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Manhattan Cocktail

by on September 2010

The Manhattan is still widely regarded as one of the greatest cocktails ever created. Personally, a well made Manhattan is a cocktail I truly enjoy. It’s perfectly in balance, simple and as a guy I can drink this cocktail anywhere and not feel out of place. It’s also as strong as a properly made martini, but like the martini it started out differently. The martini is based on a cocktail called the Martinez, which for the sake of brevity, was 2 parts vermouth, 1 part gin, bitters and Maraschino. Notice it wasn’t all gin and a wisp of vermouth. The Manhattan started out the same way and that’s the cocktail I’ll be taking a look at.

Manhattan CocktailThe history of the Manhattan has a fairly convincing story behind it, only because it is so often repeated. Basically the drink was made for Lady Randolph Churchill, Winston Churchhill’s mother at the Manhattan Club in the 1870’s and it was thoroughly enjoyed and became popular. The story has been picked apart and it seems it may not be true. The reality is that the Manhattan was probably one of the five borough cocktails (Brooklyn, Bronx, Manhattan, Queen’s and the Staten Island cocktail) made to represent the parts of New York city.

The recipe for the original Manhattan cocktail is fairly simple, but when you read the recipe from Jerry Thomas’ Bartenders Guide you’ll need to do a little thinking. Some of the measurements are a little dated, but with a little research you’ll find that a wine glass is 4oz* 2oz and a pony is 1oz. I could be wrong though.

Manhattan-3

In other classic cocktail books the recipe indicates either equal parts whisky and vermouth or two parts vermouth and one part whisky. For me I decided to try the 2:1 variation. The recipe also calls for Boker’s bitters which are long defunct. You can find recipes to make your own, or rumor has it the Bitter Truth is creating a version that is similar. The other rumor is the Unicum bitters are similar to Boker’s because Boker’s was a digestif bitter, meaning it was created to be served alone and not as an aromatic bitter. Basically it was sweetened. I decided to use Unicum bitters just to see what would happen.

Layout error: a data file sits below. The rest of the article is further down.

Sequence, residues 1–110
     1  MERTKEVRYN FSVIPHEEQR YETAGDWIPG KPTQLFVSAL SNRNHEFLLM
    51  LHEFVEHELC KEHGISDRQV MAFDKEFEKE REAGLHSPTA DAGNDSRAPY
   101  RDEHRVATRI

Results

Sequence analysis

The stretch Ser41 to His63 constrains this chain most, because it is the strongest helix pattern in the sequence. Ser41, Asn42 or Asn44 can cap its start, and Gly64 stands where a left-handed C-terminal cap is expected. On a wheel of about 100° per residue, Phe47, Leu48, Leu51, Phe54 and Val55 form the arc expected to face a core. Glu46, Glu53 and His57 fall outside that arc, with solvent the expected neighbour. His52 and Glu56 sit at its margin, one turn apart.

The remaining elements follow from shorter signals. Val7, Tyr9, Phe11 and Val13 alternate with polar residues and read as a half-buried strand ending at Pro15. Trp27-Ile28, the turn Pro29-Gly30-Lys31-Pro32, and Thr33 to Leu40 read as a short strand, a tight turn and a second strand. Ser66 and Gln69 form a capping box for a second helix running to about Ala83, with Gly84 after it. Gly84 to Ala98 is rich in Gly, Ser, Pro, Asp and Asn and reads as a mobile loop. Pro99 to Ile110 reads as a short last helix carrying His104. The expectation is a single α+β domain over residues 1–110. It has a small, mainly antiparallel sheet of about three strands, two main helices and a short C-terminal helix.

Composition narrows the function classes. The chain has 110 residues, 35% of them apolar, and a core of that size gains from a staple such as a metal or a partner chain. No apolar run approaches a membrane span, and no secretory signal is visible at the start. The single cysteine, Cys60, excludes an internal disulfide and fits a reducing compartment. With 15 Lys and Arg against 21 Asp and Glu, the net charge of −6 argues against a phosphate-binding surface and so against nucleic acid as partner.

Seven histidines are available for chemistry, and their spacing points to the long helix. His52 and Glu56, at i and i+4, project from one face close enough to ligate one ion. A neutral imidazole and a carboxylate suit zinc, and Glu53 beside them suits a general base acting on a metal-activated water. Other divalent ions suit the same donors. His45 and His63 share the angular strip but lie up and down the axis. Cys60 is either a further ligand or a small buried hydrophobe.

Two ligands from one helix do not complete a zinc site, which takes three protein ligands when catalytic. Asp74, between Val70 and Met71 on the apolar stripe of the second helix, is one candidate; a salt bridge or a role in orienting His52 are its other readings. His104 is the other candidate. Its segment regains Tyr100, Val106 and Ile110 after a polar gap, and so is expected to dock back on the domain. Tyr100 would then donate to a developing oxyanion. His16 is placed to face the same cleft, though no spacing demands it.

Manhattan Cocktail pictureClassic Manhattan Cocktail

(Use small bar-glass.)
Take 2 dashes Maraschino.
1 pony of rye whiskey.
1 wine-glass of vermouth.
3 dashes of Abbott's bitters.
2 small lumps of ice.

Manhattan Variation

1½ oz Sweet (Red) Vermouth
¾ oz Rye Whisky
6 Drops Unicum Bitters
1 tsp Maraschino

Combine all ingredients with ice, stir and strain into a claret glass. Garnish with ¼ lemon.

When I took my first sip I was surprised at how well the Unicum bitters and Luxardo Maraschino were plainly obvious. The bitterness and sweetness were very well balanced with the whisky playing a support role cutting back the sweetness.

If you like sweet vermouth then you’ll probably like this classic Manhattan. It is smooth, with a very mild kick. If you are interested in trying classic cocktails, but find the high alcohol content intimidating, give this a try, it is a great cocktail to ease into the high octane world of classic libations. From this point you can appreciate the modern Manhattan.

If I was behind the bar and someone asked for something different, this is what I’d offer them. It’s a great drink before a meal and would probably work just as well afterwards. It seems the barkeeps of the 1800’s had a really good grasp of what tasted good, unlike a lot of bartenders today who think that more alcohol equals better.

 * Thanks to Erik Ellestad for providing a reference to a quote from the all-knowing David Wondrich about the classic bar measures.

Additional Reading

How to Make Vermouth
How to Make Bitters
How to Make a Martini